Apollo 3 – 1st Guidance & Navigation System
Space mission Apollo-Saturn 202 (AS-202) or informally known as the Apollo 3 was launched on August 25, 1966. It was a sub-orbital test flight that lasted for only an hour and a half. The mission was to test the rocket for its capacity to stay longer in orbit than Apollo 2 did. The plan was to launch it higher by firing the engine four times during the flight while testing the functionality of its command and service module. In addition, the flight of Apollo 3 was to test its heat shield during the rigorous launch into space by subjecting it to an astronomical energy of 260 mega joules per square meter.
The command and service module in Apollo 3 was a model that can basically contain astronauts. Since the rocket was unmanned, crew necessities were not incorporated yet in the design. This was the first space flight with guidance and navigation system as well as a fuel cell electrical system.
In order for the rocket to go higher, engineers designed it to have four stage burns. The energy expelled in burning and disintegrating a single stage from the rocket can send it miles higher depending on its relative distance from the center of the earth. The farther the rocket, the weaker the gravitational pull of the earth has on it and the farther a stage burn can push the rocket away. To make sure that there will be four stage burns happening, the engineers programmed the command and service module of the rocket to do just that.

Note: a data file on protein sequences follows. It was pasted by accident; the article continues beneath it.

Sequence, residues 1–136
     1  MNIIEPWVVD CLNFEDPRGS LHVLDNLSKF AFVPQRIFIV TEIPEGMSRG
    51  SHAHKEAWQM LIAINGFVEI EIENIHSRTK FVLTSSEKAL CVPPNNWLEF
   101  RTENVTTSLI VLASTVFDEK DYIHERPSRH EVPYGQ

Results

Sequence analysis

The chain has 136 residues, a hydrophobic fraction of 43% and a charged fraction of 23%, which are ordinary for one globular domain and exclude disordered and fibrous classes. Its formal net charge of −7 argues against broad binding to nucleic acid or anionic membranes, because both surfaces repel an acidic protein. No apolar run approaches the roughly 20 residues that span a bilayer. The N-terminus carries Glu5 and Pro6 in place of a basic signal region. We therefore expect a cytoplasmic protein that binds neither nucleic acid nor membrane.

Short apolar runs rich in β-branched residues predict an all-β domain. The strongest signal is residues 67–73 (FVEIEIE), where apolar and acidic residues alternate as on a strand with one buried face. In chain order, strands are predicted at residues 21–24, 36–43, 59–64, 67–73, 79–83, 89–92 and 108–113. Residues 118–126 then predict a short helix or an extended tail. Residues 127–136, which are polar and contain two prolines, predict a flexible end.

During the first stage burning for Apollo 3, it sent the rocket 56 kilometers from the launch pad. After the second stage burning, it reached 216 kilometers into the sky. The third and fourth burns lasted for only three seconds each, testing the capability of the rocket’s engine to quickly restart.
After the very short sub-orbit, the rocket reentered the earth’s atmosphere. It accelerated to as high as 8,900 meters per second upon reentry. When it reached 122 kilometers from the ground, it started to dip to 7.25 kilometers in altitude before the parachutes deployed. What remained of the rocket after the four stage burns is its capsule which landed 370 kilometers from the anticipated target site. The capsule of the space mission Apollo 3 is currently on display in a public museum in Alameda, California.